My Forthcoming JavaScript Book: Table of Contents

March 17, 2011

In a previous post, I previewed my forthcoming, self-published JavaScript book: why I’m writing it, when, and how. Here, then, is the current Table of Contents, with some explanatory text. To be fair, this is the first draft of the table of contents, and it’s probably more inclusive than the final book will be. As I write the text, the order and specifics will no doubt change, and I may need to cut some of the most advanced and esoteric content if the book gets to be too long or complex.

As always, any and all feedback you may have on the proposed book is most welcome.

Part 1: Getting Started

The first section of the book introduces JavaScript as it is today, in all its facets. The first chapter talks about what JavaScript specifically is and what it’s used for, what JavaScript isn’t, and what the current landscape looks like. The second chapter has the reader creating some real-world code—client-side and server-side form validation, using both hand-written JavaScript and the jQuery framework (even if he or she doesn’t know JavaScript yet, which is really how we all begin with JavaScript anyway). The third chapter discusses development tools that are useful as one is learning JavaScript. This includes things like JavaScript-aware IDEs and text editors, the JavaScript-specific features of different Web browsers, and debugging tools. The focus in this first part is on a grasp of JavaScript as a whole, also providing a context within which the reader can continue through Part 2 of the book, the most important part.

  • Chapter 1: (Re-)Introducing JavaScript
    • What is JavaScript?
    • How JavaScript Compares to…
    • JavaScript Isn’t…
    • Why JavaScript is a Good Thing
    • JavaScript Versions and Browser Support
  • Chapter 2: JavaScript in Action
    • Embedding JavaScript into HTML
    • Acknowledging No JavaScript Support
    • Cobbling Together Some Code
    • Applying a Framework
    • Steal This JavaScript
  • Chapter 3: Tools of the Trade
    • The Great Debate: Text Editors vs. IDEs
    • A Handful of Text Editors
    • A Couple of IDEs
    • The Browser: Your Friend, Your Enemy
    • Online Resources

Part 2: JavaScript Fundamentals

The second section of the book is the meat of the text, useful for all readers. Here are the fundamentals for programming in JavaScript, i.e., the treatment of JavaScript as a language in its own right. Some of the early material may be too basic for some, but none of the material will be beyond the needs of the standard Web developer. By the end of this section, the reader will be able to understand most JavaScript code just by looking at it, and will be well prepared for the more advanced examples in the third part of the book. Most of the fundamental concepts will be demonstrated using a real-world example. Many examples will also be presented in an alternative syntax (e.g., an ExtJS or jQuery demonstration of the same technique).

  • Chapter 4: Simple Variable Types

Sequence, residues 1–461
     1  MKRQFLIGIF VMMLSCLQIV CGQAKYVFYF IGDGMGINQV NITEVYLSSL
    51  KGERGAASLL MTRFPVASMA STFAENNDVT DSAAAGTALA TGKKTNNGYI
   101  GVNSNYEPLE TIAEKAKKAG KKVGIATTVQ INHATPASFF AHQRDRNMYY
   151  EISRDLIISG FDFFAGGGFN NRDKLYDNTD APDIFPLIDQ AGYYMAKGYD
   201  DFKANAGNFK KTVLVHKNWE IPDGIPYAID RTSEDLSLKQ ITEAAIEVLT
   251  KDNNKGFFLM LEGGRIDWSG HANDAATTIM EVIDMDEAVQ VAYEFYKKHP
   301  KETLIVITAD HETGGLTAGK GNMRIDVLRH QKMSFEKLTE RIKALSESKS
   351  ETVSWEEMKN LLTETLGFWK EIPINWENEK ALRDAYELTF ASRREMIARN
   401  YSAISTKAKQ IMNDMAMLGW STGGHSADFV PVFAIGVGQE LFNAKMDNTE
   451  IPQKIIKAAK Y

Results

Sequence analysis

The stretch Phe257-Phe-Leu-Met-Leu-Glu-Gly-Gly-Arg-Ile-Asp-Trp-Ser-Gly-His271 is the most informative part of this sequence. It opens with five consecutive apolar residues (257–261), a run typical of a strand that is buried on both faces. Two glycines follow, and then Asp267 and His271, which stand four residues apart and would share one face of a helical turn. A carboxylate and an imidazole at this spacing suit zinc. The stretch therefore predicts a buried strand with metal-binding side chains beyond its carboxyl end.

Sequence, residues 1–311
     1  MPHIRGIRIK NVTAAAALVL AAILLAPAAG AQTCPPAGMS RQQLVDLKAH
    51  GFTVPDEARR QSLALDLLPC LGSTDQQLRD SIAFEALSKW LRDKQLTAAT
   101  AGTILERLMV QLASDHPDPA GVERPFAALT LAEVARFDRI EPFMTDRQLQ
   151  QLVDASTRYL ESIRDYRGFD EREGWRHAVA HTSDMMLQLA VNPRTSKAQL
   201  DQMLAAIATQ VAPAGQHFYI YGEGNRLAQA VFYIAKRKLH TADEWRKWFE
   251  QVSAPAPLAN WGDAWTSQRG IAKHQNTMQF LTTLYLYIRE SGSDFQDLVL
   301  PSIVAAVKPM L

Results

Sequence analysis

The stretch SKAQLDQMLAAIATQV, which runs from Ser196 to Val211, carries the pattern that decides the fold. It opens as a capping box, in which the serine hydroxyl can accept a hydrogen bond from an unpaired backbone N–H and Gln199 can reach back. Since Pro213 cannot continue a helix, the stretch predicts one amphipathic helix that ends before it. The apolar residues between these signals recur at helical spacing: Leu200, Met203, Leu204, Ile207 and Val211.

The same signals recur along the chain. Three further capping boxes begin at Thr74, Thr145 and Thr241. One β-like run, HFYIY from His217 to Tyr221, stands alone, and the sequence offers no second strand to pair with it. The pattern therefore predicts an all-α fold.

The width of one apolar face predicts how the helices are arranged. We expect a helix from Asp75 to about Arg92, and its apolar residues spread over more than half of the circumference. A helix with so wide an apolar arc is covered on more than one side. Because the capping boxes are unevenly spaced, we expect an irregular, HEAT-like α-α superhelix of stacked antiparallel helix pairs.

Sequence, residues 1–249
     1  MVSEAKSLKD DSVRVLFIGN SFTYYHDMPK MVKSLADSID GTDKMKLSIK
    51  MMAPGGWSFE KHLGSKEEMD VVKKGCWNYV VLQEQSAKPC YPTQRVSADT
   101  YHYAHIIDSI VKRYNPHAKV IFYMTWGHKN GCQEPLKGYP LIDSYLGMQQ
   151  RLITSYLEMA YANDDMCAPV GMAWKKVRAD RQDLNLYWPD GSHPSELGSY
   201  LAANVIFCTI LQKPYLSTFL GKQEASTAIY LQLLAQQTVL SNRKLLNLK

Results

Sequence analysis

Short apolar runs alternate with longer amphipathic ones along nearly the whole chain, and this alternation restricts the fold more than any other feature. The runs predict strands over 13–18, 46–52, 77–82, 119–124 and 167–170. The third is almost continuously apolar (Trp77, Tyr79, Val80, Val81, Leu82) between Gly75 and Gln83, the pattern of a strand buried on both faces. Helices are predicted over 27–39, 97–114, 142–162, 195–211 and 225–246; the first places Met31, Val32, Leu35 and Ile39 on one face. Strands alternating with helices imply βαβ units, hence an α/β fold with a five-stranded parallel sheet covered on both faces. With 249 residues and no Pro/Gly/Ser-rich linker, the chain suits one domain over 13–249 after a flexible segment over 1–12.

• Basic Variable Syntax
    • Creating Calculators
    • Formating Numbers
    • Constructing Strings
    • Deconstructing Strings
    • Generating Dates and Times
  • Chapter 5: Using Control Structures
    • Comparing Numbers
    • Comparing Strings
    • What is true?
    • More Complex Conditionals
    • Performing Iterations
  • Chapter 6: Complex Data Types
    • Arrays
    • Objects
    • Arrays are Objects!
  • Chapter 7: Creating Functions
    • Defining Your Own Routines
    • Passing Values to Functions
    • Returning Values from Functions
    • Variable Scope
    • Anonymous Functions
  • Chapter 8: Event Handling
    • Browser Events
    • Keyboard Events
    • Input Device Events
  • Chapter 9: JavaScript and the Browser
    • The Window
    • DOM Manipulation
    • Cookies
  • Chapter 10: Working with Forms
    • Handling Form Submissions
    • Form Validation
    • Regular Expressions
    • Handling File Uploads
  • Chapter 11: Ajax
    • Understanding Ajax
    • Providing Dynamic Content
    • Form Validation
    • User Interactions
  • Chapter 12: Working with Other Data
    • XML
    • JSON
  • Chapter 13: Debugging and Error Management
    • Simple Debugging Errors
    • Handling Problems Gracefully
    • Creating Informative Errors
    • Creating Useful Errors

Part 3: Next Steps

The final part of the book extends what has already been covered in two ways. First, it more formally discusses major topics like frameworks, things that have been shown in bits of pieces already. Second, Part 3 goes into some of the secondary uses of JavaScript, like server-side JavaScript, Google Gears HTML5, and Adobe AIR. These extensions demonstrate the breadth and usefulness of today’s JavaScript. Realistically, these chapters will be more of an introductory tutorial to the topic than a full-fledged resource. In each chapter of Part 3, the reader will develop one or more (mostly) complete applications.

  • Chapter 14: Frameworks
    • Choosing a Framework
    • Introducing jQuery
    • Introducing ExtJS
    • Introducing YUI
  • Chapter 15: Server-Side JavaScript
    • What is Server-Side JavaScript?
    • What You’ll Need
    • Validating Form Data
    • Performing Database Queries
  • Chapter 16: Google Gears HTML5
  • Chapter 17: JavaScript for Desktop Applications
    • What is Adobe AIR?
    • What You Need to Know
    • Creating a Knowledgebase Application

Appendix A: Basic JavaScript Reference

The appendix provides a simple reference guide to JavaScript. Tables and other listings cover the kinds of things that are easily forgotten: operators, defined objects, methods, etc.